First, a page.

Taping foil backed PIR and PIR Light cut outs

Discussion in 'Floors, Stairs and Lofts' started by Mmark, 10 Dec 2019.

  1. Mmark

    Mmark

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    We have a cold roof mansard loft conversion and are fitting down lights. We now know warm roofs are better for down lights, but too late now. We cannot reduce head height further, so there is not room to have a service void below the insulation.

    I have two questions. The first relates to the rectangular light cut outs and the technique of just pushing the square up (into the air flow cavity) to try and make space for the downlight while reducing the draft flow to a degree. Is this a reasonable approach? I can see why it's more practical (easier) for the builders to do it this way.

    The second is on taping. The builders have done a good job in cutting and fitting. Most fit snuggly and I only see a few with 1mm or 2mm gaps. However the builders are not taping anything.They told me properly fitted foiled backed (both sides) PIR boards should be sufficient, and that there will be sufficient air flow above to avoid any issues. In short this is how they have always done it, never been an issue, always gets past building regs.

    I then read a few posts online, some indicated that it's not uncommon for builders to skip taping. Some others said the tape comes away from the joists after a few years, making it pointless anyway. Which makes me believe I shouldn't worry about this too much.

    I've attached pictures showing the work, they are just putting up plaster board over this, without any other further changes. Building control will be inspecting soon, but as all the ceiling plaster boards are up, not sure how they would evaluate this or not.


    insulation1.png insulation2.png insulation3.png
     
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  3. Notch7

    Notch7

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    The builders are wrong.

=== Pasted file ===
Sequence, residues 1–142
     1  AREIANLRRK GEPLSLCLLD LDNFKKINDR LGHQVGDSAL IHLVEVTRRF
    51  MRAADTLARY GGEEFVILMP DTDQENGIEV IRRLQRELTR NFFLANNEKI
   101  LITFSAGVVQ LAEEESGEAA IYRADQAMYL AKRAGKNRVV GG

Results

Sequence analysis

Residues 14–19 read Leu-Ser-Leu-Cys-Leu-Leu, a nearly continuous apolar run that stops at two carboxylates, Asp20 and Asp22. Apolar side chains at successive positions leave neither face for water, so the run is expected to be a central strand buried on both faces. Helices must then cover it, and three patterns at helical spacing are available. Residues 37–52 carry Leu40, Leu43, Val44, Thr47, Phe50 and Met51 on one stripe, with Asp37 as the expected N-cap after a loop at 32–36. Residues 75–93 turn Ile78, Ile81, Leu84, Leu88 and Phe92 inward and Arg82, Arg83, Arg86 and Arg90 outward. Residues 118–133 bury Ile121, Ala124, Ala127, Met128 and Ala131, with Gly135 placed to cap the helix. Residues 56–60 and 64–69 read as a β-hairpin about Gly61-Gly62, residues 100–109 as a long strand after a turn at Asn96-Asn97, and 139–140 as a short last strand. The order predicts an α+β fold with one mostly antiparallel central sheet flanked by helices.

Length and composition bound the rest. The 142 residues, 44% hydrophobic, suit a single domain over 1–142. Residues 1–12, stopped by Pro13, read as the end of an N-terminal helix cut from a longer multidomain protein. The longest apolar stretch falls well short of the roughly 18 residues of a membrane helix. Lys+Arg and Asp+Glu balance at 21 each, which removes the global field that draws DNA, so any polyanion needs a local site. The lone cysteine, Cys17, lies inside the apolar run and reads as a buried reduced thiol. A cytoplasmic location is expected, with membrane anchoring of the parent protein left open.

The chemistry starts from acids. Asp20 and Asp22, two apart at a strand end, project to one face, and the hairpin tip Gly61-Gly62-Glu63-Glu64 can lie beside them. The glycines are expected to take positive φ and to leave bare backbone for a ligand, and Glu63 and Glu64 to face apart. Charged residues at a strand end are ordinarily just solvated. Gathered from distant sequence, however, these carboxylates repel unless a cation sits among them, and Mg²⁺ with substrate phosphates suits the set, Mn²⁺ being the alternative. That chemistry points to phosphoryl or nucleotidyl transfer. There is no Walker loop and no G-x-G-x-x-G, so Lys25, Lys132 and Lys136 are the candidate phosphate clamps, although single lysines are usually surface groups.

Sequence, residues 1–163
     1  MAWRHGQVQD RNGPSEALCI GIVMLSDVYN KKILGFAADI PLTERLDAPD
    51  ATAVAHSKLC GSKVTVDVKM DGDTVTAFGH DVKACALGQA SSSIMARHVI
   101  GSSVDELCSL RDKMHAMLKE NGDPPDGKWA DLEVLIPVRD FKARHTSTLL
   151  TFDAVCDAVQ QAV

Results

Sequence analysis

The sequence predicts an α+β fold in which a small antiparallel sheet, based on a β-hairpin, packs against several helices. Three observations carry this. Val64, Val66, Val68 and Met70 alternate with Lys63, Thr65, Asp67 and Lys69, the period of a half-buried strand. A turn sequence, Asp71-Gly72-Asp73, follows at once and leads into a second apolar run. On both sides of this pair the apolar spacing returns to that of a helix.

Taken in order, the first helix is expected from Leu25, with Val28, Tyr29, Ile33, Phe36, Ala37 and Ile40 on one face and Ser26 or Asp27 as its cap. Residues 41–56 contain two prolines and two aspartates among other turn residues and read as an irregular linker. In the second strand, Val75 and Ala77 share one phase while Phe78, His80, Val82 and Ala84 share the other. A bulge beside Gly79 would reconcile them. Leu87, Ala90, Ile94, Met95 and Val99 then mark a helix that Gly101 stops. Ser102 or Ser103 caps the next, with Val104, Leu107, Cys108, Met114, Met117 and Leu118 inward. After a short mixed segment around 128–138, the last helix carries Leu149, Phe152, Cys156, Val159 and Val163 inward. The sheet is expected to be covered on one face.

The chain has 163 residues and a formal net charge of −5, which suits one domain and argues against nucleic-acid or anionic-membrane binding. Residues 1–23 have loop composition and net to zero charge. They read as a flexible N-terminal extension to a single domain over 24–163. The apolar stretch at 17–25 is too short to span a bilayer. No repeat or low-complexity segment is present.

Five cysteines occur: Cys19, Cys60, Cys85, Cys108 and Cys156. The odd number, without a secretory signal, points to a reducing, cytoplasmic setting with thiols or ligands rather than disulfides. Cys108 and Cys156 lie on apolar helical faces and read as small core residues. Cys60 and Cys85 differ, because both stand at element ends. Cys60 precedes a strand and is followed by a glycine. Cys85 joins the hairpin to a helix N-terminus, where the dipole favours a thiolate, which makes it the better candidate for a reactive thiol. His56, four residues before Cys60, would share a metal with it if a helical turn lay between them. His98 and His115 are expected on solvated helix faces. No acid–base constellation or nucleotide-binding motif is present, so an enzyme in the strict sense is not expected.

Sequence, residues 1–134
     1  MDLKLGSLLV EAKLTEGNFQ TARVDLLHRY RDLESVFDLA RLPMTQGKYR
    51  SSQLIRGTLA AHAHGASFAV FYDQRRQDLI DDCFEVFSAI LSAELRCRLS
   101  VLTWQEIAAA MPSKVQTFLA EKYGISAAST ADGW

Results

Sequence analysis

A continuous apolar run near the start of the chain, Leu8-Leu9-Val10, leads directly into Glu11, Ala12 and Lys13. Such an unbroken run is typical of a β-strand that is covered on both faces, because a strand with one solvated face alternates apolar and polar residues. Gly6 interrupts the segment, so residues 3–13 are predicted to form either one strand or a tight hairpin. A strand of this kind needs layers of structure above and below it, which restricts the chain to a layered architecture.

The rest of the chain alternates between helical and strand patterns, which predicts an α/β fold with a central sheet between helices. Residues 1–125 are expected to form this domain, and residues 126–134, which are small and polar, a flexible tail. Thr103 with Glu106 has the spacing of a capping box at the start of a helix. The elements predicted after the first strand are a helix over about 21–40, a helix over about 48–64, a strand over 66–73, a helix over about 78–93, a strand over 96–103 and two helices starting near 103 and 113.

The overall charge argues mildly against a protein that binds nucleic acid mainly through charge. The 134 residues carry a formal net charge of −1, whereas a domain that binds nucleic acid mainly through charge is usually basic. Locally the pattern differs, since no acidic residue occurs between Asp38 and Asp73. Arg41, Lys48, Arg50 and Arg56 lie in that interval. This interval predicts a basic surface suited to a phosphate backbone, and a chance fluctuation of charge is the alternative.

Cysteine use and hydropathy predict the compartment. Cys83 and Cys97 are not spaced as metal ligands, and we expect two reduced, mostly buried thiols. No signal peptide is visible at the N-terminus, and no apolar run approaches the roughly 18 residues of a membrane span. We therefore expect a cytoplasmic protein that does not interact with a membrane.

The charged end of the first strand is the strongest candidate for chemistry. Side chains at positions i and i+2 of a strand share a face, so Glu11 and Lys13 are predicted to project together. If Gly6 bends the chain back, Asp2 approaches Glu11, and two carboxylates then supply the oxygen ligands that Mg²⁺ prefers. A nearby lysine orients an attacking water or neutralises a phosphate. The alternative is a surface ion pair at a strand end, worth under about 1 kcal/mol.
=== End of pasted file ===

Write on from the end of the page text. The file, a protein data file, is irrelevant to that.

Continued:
There must be a properly fitted vapour control layer fitted on the warm side of the insulation.

    Foil taping to join up all the foil on the insulation is one way, although an actual control layer sheet is the recommended method.

    I personally think taping or a vcl + foil backed plasterboard is a good belt and braces method.


    Long term whatbthe builders propose could lead to interstitial condensation.
     
  4. Mmark

    Mmark

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    Yes, that definitely seems to be what I'm reading everywhere.

    Is this something that is best practice, or something that building regs would insist on? If building regs insist on it, I don't get how they do this on every build they do, without problems. They have done over 200 loft conversions in and around London. Although they use a private building regulations firm, I hope they don't just "waive" stuff through?

    Considering tape costs so little and it takes so little time to do, I'm trying to understand why they wouldn't even want to take this extra precaution - but I don't get much further than "it's not necessary, we've done this for X years and Y amount of conversions, without issues".

    Downside is I don't have a leg to stand on, they insist it'll be fine. So without building regs or someone qualified insisting it's taped, there is not much I can do. My main hope now is as I had a 30 year old loft conversion before, I'm just enlarging it to full mansard, so if I didn't have interstitial condensation before, I'm hoping i don't need to worry about it now. Bathrooms are well ventilated, we live in London and not directly by the river etc, so maybe less of a risk.
     
  5. Ian H

    Ian H

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    What’s on your drawings? Ours was like yours then had a full layer of insulation board on the underside of the rafters, my mate did a kitchen extension and his drawings showed the insulation like yours without the full layer under.
     
  6. foxhole

    foxhole

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    Taped all mine then insulated plasterboard over top to achieve insulation value .
     
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  7. The point of a vapour barrier is that it should be a continuous layer to check the passage of vapour from the warm to the cold side of the insulation. Whether insulation is required under the rafters as well as in between depends on the maximum U Value specified for the roof. Ask the builder what U value your roof achieves, but is the job being done under a Building Notice or Full Plans Submission :?: What air gap is there above the insulation :?:
    Discuss it with BCO if they are visiting site shortly.
    Some builders might skip a lot of things but that doesn't mean it is right :!:
     
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  8. Mmark

    Mmark

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    i’m jealous :) i guess that’s the advantage of doing it yourself, you know you get it right.
     
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